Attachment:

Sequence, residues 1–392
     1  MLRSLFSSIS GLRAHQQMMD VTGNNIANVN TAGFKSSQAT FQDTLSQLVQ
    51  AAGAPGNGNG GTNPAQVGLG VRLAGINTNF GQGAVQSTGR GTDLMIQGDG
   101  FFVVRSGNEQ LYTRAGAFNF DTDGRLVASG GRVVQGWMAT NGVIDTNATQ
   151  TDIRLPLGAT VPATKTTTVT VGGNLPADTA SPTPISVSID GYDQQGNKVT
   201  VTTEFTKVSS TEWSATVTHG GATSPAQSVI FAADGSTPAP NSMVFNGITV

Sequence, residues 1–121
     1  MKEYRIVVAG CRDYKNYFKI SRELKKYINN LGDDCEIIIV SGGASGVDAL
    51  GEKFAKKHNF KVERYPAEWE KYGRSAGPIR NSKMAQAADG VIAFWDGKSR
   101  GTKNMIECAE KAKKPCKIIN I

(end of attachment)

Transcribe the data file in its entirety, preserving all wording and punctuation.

Sequence, residues 1–392
     1  MLRSLFSSIS GLRAHQQMMD VTGNNIANVN TAGFKSSQAT FQDTLSQLVQ
    51  AAGAPGNGNG GTNPAQVGLG VRLAGINTNF GQGAVQSTGR GTDLMIQGDG
   101  FFVVRSGNEQ LYTRAGAFNF DTDGRLVASG GRVVQGWMAT NGVIDTNATQ
   151  TDIRLPLGAT VPATKTTTVT VGGNLPADTA SPTPISVSID GYDQQGNKVT
   201  VTTEFTKVSS TEWSATVTHG GATSPAQSVI FAADGSTPAP NSMVFNGITV

Sequence, residues 1–121
     1  MKEYRIVVAG CRDYKNYFKI SRELKKYINN LGDDCEIIIV SGGASGVDAL
    51  GEKFAKKHNF KVERYPAEWE KYGRSAGPIR NSKMAQAADG VIAFWDGKSR
   101  GTKNMIECAE KAKKPCKIIN I